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WIREs Comput Mol Sci
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Machine learning and artificial neural network accelerated computational discoveries in materials science

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Abstract Artificial intelligence (AI) has been referred to as the “fourth paradigm of science,” and as part of a coherent toolbox of data‐driven approaches, machine learning (ML) dramatically accelerates the computational discoveries. As the machinery for ML algorithms matures, significant advances have been made not only by the mainstream AI researchers, but also those work in computational materials science. The number of ML and artificial neural network (ANN) applications in the computational materials science is growing at an astounding rate. This perspective briefly reviews the state‐of‐the‐art progress in some supervised and unsupervised methods with their respective applications. The characteristics of primary ML and ANN algorithms are first described. Then, the most critical applications of AI in computational materials science such as empirical interatomic potential development, ML‐based potential, property predictions, and molecular discoveries using generative adversarial networks (GAN) are comprehensively reviewed. The central ideas underlying these ML applications are discussed, and future directions for integrating ML with computational materials science are given. Finally, a discussion on the applicability and limitations of current ML techniques and the remaining challenges are summarized. This article is categorized under: Computer and Information Science > Chemoinformatics. Structure and Mechanism > Computational Materials Science. Computer and Information Science > Computer Algorithms and Programming. Software > Molecular Modeling.
Schematics of (a) conventional and (b) new relationships among artificial intelligence, machine learning, and deep learning. In the new diagram, AI represents a system that is “intelligent” through rules. Deep learning is multilayered models that learn representations of data with multiple levels of abstraction, while machine learning stands for self‐learning algorithms that learn models from “data”
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Generative adversarial networks (GAN) enabled transitioning metasurface design. (a) Illustration of conventional methods. (b) The architecture of the proposed GAN model.(Reprinted with permission from Reference . Copyright 2019 ACS Publications)
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Machine learning directed search for ultraincompressible, superhard materials. (Reprinted with permission from Reference . Copyright 2019 ACS Publications)
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Machine learning results of (a) linear regression, (b) second order polynomial regression, (c) decision trees (DT), (d) random forests (RF), (e) 3‐10‐1, (f) 3‐20‐1, (g) 3‐10‐10‐1, and (h) 3‐20‐20‐1 artificial neural network (ANN). The red and black square dots represent predicted and the target R values, respectively.(Reprinted with permission from Reference . Copyright 2019 The Royal Society of Chemistry)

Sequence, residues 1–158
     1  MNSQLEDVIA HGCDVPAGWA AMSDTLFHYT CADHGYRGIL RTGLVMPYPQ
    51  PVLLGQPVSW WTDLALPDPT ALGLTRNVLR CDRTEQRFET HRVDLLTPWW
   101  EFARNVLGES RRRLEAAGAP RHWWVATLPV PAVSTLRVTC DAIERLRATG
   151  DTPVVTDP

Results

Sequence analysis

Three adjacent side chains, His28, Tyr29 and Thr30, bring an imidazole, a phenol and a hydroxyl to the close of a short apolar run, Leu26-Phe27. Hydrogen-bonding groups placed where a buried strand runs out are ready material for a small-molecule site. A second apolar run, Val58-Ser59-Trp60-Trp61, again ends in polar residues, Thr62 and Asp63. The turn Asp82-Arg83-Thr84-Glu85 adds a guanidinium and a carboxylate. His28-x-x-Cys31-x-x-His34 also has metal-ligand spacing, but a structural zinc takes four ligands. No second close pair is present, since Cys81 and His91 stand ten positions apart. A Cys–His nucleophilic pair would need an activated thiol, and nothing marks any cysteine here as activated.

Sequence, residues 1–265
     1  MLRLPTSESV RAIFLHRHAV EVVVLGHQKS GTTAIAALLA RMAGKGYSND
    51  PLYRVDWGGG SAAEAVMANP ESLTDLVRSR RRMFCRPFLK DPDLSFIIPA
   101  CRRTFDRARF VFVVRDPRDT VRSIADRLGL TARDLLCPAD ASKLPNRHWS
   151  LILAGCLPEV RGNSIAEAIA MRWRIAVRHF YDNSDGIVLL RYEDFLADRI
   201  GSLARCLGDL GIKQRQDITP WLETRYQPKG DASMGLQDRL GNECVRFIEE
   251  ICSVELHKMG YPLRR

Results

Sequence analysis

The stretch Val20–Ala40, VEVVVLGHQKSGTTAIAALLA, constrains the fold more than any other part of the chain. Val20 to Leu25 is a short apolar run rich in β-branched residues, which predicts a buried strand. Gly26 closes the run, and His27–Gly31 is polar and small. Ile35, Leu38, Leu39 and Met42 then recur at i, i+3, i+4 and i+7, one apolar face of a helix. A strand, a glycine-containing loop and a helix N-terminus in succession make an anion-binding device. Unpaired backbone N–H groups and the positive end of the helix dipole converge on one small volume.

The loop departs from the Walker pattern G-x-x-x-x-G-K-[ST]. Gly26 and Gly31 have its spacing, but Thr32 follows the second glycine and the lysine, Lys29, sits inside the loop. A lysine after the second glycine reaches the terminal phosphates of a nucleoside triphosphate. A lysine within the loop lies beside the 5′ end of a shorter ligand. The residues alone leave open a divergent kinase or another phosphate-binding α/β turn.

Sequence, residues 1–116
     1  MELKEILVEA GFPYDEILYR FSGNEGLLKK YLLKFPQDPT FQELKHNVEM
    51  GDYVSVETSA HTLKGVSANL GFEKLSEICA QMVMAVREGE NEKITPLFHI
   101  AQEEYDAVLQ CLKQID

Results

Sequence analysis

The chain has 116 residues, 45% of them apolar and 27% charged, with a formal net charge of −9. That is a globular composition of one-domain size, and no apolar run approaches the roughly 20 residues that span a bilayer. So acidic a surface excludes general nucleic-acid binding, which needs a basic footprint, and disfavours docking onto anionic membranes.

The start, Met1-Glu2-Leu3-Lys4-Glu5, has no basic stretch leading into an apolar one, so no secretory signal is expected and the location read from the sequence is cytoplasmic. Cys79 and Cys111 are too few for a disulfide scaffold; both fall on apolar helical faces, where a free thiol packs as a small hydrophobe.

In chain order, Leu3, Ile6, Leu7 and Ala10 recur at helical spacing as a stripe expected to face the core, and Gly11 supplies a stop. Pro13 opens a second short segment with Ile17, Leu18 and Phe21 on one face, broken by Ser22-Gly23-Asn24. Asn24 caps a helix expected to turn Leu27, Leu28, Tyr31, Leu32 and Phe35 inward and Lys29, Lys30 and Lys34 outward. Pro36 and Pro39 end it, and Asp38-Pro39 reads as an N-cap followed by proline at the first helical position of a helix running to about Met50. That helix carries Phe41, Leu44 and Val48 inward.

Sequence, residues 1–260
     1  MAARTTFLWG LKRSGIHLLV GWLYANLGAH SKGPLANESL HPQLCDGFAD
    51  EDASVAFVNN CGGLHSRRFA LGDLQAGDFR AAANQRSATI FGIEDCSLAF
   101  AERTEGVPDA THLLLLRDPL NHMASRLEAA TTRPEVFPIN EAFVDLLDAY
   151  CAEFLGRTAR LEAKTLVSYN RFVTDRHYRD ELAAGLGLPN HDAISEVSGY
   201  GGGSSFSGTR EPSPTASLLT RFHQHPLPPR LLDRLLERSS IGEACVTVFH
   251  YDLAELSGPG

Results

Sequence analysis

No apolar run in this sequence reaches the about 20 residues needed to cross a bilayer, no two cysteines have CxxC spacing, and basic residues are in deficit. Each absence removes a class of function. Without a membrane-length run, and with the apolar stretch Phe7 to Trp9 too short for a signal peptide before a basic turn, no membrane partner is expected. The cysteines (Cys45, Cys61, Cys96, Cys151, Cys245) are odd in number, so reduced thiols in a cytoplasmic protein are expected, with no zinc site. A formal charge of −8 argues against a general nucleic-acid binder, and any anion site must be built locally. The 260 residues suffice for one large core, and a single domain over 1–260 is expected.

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Pearson correlation coefficient map between different materials properties. Htcp (heat capacity), thcd (thermal conductivity), debye (Debye temperature), melt (melting point), dens (density), spdl (speed of sound longitudinal), spdt (speed of sound transverse), elam (elastic modulus), blkm (bulk modulus), thex (thermal expansion coefficient), and unitc (unit cell volume).(Reprinted with permission from Reference . Copyright 2019 Nature Research)
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Schematic of the convolution neural network to predict the effective thermal conductivity of composite materials.(Reprinted with permission from Reference . Copyright 2019 ScienceDirect)
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Comparison of the Gaussian approximation potential (GAP) model with other popular empirical interatomic potentials (EIPs) on the phonon spectrum of graphene. It can be observed that the GAP model has the highest accuracy reproducing the experimentally determined phonon spectrum overall the whole wave vector range.(Reprinted with permission from Reference . Copyright 2019 APS Physics)
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The general workflow of empirical interatomic potential development using machine learning (ML) algorithms.(Reprinted with permission from Reference . Copyright 2019 ACS Publications)
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(a) Schematic of a multilayer feed‐forward deep neural network. The red, green, and purple circles represent input, hidden, and output neurons, respectively. (b) A typical machine learning workflow of material property predictions. The structure of the atomistic system is first given. Specific mathematical representation is associated with the input structure information and feed into the artificial neural network (ANN) as training features. Than trained model can then make predictions on new instances
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Software > Molecular Modeling
Computer and Information Science > Computer Algorithms and Programming
Structure and Mechanism > Computational Materials Science
Computer and Information Science > Chemoinformatics

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